Firstly, this would create airport problems. How about a tailstrike at take-off? And how about the space at the gates? Adding 10 meters would mean that it would be longer than 80 meters. It wouldn't fit into today's terminals.

Secondly, the cockpit would have to go on the first floor, thereby losing several seat rows there. It's doubtful whether this plane would seat more than the current 744.

Quoting AADC10 (Reply 13):
If there is a significant aeordynamic advantage to the hump, why didn't other planes copy it?

Other manufacturers cannot copy it, because Boeing has a patent/copyright on that shape. And for Boeing, adding a second floor on a 737 would look really strange, and since the second floor would have to be narrower than the first floor, the cockpit would probably have to be the fighter airplane style!



Top 10 airplanes: B737, T154, B747, IL96, T134, IL62, A320, MD80, B757, DC10
User currently offlineRedDragon From United Kingdom, joined Jul 2004, 1135 posts, RR: 7
Reply 24, posted (8 years 5 months 3 days 5 hours ago) and read 19885 times:

Quoting Sonic67 (Reply 18):
I have heard a rumor that the upper deck may get sky light windows can anyone confirm or dispel this?

They're not going to run along the length of the upper deck, but seem to be a group more or less above the main staircase. Boeing is trying to open out the "public" (non-seating) areas to achieve more of the "grand staircase" feel Airbus will have with the A380.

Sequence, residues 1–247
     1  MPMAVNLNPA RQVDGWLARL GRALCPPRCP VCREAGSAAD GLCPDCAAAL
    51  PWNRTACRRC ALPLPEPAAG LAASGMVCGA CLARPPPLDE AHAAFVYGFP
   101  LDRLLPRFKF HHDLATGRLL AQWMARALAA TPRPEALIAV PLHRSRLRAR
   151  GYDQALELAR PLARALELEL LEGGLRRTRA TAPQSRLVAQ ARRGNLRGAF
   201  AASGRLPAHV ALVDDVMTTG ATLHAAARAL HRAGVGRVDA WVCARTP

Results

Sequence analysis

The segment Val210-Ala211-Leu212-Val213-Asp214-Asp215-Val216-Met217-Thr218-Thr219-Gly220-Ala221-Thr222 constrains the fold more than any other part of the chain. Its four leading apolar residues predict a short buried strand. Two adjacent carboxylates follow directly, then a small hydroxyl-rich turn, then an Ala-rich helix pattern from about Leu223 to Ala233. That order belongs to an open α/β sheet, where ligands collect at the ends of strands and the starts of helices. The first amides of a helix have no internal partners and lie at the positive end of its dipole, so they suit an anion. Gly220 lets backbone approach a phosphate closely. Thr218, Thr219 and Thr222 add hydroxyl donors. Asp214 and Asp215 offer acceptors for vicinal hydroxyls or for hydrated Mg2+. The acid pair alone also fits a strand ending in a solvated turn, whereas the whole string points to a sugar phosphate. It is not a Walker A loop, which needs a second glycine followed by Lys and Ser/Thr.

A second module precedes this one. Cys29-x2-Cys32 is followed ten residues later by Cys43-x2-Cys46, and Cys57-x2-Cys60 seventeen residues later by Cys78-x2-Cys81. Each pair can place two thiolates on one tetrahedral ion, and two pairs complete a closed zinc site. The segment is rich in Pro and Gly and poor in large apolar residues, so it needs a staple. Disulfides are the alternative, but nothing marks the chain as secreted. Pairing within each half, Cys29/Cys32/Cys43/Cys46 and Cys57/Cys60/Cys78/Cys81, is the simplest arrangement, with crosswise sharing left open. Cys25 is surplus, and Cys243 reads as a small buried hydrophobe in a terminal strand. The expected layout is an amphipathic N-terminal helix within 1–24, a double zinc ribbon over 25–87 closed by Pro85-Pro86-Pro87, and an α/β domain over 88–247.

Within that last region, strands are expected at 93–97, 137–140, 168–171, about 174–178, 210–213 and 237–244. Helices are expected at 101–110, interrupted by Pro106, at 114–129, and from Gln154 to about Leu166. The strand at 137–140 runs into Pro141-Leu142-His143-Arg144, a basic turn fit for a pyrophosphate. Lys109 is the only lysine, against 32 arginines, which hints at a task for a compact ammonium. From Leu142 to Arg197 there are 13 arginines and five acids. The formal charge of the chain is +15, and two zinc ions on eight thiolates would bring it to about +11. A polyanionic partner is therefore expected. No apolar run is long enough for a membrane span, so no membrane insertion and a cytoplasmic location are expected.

Rich


25 MrComet : It's ironic that the 748 is also being same in the same light -- mainly a freighter. Lets hope it also sees plenty of passengers.
26 Ken777 : Anyone lucky enough to have flown "upper deck" on a long haul flight would be very sad to see the hump removed. It's a great place, rather private and
27 Prebennorholm : The 747 started life as a competitor against the military Lockheed C-5 Galaxy - therefore the front cargo door option and the 2nd floor flight deck. W
28 Post contains images AKelley728 : The "serrated" design produces a better mix of the engine's exhaust gas and air that passes through and around the nacelle. A better mix reduces the
29 Sllevin : Actually, Boeing's entry in the HLX competition was high-winged. The reason the 747 was built with the upper deck was for civilian freighter use. The
30 Post contains links JAM747 : Not only is the the upper deck being used for passenges but above that in the crown of the hump there might be small rest bunks for some passengers du
31 Tod : IIRC - the "Sky-Loft" is located closer to the area above door 4. KLM 744 already have a crew rest there and Boeing has studied how to use that space
32 ContinentalFan : I think it's actually the crown of the main fuselage where Boeing is contemplating adding these areas. I don't think there's enough space in the crow
33 Post contains links Lumberton : Absolutely corect, Prebennorholm. Here's a quote from an article from ATWO that goes into the rationale for the design: Here's the link to the entire
34 Mikkel777 : Engine noise is higher when the exiting air have high speed compared to the surrounding air. Sound is made due to shear-forces between air-molecules.